"

Ms. Tsarnaeva: [Sighs]. Well, now since this thing happened, I think it would be better even somewhere way up in the village. Really. Here, in the village, somewhere like nobody but our family, we with our kids, and I would be happy with this.

[She hits the desk and she starts crying.]

You know my kids would be with us and we would be fine. So yes, I would prefer not to live in America now. [She is crying here]. Like, why did I even go there? Why? I thought America was going to, like, protect us, our kids. It was going to be safe for any reason. But it happened the opposite. My kids — America took my kids away from me — only America. So why wouldn’t I regret? Why? I don’t know. I’m sure that my kids were not involved in anything.

"

— Zubeidat responding to the question whether she regrets bringing her kids to America  (via let-goletgod)

(via accidentallyfuckedurdad)

thetsarnaevtruth:

supportingdzhokhar:

If you feel like giving up then don’t. If everyone gave up whenever they felt like it got too much then things wouldn’t change. This isn’t just about Jahar - it’s about your integrity as a person.

Stand up for what is right even if it means standing alone.


YES

thetsarnaevtruth:

supportingdzhokhar:

If you feel like giving up then don’t. If everyone gave up whenever they felt like it got too much then things wouldn’t change. This isn’t just about Jahar - it’s about your integrity as a person.

Stand up for what is right even if it means standing alone.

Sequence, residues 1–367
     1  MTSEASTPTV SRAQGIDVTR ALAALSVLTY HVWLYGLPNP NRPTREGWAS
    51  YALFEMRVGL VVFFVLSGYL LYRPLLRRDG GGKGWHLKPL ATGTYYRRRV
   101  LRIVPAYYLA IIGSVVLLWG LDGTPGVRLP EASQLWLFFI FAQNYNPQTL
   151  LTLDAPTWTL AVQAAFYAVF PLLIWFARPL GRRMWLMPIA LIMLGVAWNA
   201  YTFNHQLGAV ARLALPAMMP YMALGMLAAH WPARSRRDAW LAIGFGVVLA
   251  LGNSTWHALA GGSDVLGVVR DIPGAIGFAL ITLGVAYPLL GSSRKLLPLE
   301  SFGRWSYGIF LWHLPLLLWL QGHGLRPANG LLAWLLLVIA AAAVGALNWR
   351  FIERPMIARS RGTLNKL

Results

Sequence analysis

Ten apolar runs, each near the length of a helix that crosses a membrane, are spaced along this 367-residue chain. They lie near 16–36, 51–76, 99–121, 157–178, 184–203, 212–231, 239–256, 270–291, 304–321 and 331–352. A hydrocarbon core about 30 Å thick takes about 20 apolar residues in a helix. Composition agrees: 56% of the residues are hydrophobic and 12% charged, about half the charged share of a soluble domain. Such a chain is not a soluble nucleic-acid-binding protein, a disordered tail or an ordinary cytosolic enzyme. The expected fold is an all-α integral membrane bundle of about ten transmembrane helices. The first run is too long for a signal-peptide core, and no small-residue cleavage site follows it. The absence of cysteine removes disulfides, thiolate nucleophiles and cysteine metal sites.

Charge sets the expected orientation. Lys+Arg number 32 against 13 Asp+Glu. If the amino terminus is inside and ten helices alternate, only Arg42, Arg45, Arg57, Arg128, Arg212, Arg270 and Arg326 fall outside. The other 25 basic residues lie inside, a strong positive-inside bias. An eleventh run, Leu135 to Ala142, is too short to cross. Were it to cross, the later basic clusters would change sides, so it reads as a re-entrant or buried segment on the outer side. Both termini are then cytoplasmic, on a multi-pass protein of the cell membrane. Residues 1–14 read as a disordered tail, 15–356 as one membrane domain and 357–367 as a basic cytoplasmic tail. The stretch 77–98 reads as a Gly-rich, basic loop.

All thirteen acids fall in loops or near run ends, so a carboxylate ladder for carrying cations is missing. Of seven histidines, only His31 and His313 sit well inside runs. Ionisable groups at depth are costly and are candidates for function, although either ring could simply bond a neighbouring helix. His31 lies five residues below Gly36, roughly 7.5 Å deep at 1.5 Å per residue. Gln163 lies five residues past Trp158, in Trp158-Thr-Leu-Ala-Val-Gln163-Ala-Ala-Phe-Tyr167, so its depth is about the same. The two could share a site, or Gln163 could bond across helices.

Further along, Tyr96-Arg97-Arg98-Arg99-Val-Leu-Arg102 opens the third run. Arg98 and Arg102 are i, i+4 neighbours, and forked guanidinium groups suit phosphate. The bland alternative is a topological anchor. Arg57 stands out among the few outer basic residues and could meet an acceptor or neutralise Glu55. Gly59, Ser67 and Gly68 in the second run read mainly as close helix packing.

YES

(via feelingsosuperhuman-deactivated)


Dressed in orange prison jumpsuits, Dias Kadyrbayev and Azamat Tazhayakov, both from Kazakhstan, looked nothing like photos of them that have circulated during the past few months. In those images, they appeared, alongside Tsarnaev, enjoying everything from a trip to Times Square in New York City to a homemade meal at one of their homes.
The US District Court hearing lasted only a few minutes, with each defendant, both of them from Kazakhstan, saying “not guilty” to the charges before they were taken away by US marshals.
The fathers of both defendants were present in court. The sons waved and smiled to them.

Amir Ismagulov, Tazhayakov’s father, said after the hearing that his son was innocent. “He’s shocked Tsarnaev did this,” he said.
Kadyrbayev’s attorney, Robert G. Stahl, said in a statement that his client was a “law-abiding college student whose only crime was befriending a fellow student who spoke his more comfortable native language.”
Stahl also said that even though Kadyrbayev came from “a former Soviet-bloc region where police are routinely distrusted,” he had “fully cooperated” with authorities and answered the FBI’s questions for nearly 12 hours over two days without a lawyer or a Kazakh consular official present.
The pair, who were arraigned before US Magistrate Judge Marianne Bowler, face charges of conspiracy to obstruct justice and obstruction of justice. They could get five to 25 years in prison and are currently being held at the Essex County jail in Middleton.